Mid-stage dementia brings new challenges
BY FRANCES WOMBLE
The Fredericksburg chapter of the Alzheimer’s Association will hold a series of classes next month for caregivers of people with dementia, focusing on the difficulties that emerge during the middle stage of the disease.
The classes, held on three consecutive Thursdays in March, aim to help caregivers understand the changes middle stage Alzheimer’s brings as well as to alert them to resources the Alzheimer’s Association provides.
There are seven stages of the disease, according to the Alzheimer’s Association. The first signs of middle stage Alzheimer’s—stages five and six—include memory decline, behavioral changes, increased difficulty performing daily tasks and language problems, said Lori Myers, branch coordinator of Fredericksburg Alzheimer’s Association.
Patients in this stage require a greater level of care than they did in the past. The “Living With Alzheimer’s: Middle Stage Caregiver” program will discuss what caregivers need to know, what they need to do and what they need to plan for.
The first class will address middle stage symptoms, communication, caregiving relationships and hospital preparation.
The following week will address behavior changes, medication management, home safety, living and driving environments, and the potential for patients to wander.
The last class will address in-home services, senior living options and caregiver needs.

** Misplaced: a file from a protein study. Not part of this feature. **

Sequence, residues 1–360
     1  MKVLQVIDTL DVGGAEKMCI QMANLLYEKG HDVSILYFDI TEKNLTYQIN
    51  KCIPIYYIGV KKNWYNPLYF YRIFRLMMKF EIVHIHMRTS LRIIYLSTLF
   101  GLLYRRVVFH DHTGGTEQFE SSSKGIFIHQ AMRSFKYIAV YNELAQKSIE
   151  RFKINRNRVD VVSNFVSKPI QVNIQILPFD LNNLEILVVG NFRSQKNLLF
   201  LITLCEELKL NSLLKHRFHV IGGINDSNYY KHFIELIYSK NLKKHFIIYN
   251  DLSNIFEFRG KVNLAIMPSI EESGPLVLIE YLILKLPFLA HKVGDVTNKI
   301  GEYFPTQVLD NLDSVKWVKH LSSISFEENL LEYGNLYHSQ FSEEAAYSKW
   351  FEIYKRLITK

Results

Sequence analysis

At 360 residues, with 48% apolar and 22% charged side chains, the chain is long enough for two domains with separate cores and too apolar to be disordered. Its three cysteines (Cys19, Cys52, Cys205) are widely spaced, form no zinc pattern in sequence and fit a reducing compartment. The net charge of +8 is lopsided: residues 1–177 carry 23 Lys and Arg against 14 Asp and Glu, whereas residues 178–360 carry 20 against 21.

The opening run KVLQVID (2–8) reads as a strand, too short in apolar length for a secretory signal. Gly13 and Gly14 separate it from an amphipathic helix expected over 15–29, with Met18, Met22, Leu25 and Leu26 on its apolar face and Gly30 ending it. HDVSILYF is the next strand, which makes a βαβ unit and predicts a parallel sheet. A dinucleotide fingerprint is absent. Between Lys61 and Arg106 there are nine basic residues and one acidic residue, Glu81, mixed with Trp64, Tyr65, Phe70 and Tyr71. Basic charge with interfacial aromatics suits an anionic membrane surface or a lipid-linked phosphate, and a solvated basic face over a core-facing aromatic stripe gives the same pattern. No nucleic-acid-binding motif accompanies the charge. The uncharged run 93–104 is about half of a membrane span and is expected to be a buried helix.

According to Myers, more than 130,000 Virginians have Alzheimer’s, and there are more than 26,000 Alzheimer patients in the Alzheimer’s Association’s Greater Richmond chapter area.
“Unfortunately these numbers are continuing to go up,” Myers said. “Our need for resources for the families, and those diagnosed with Alzheimer’s and other forms of dementia, will continue to increase.”
All three classes in the upcoming series are free, but registration is required so the association can be sure enough materials are available for each class member.
WHAT: The Alzheimer’s Association’s Fredericksburg branch is hosting a series of Thursday afternoon classes for caregivers of people experiencing the middle stages of dementia.
WHEN: The first class, “What You Need to Know,” will be held March 1. The second class, “What You Need to Do,” will be held March 8. The third class, “What You Need to Plan,” will be held March 15.
WHAT TIME: Each class is from 1:30 to 3:30 p.m.
WHERE: Comfort Keepers, 419 Chatham Square Office Park
TO REGISTER: The class is free, but signing up is a must. Call 540/370-0835 or email firstname.lastname@example.org.
Frances Womble: 540/374-5444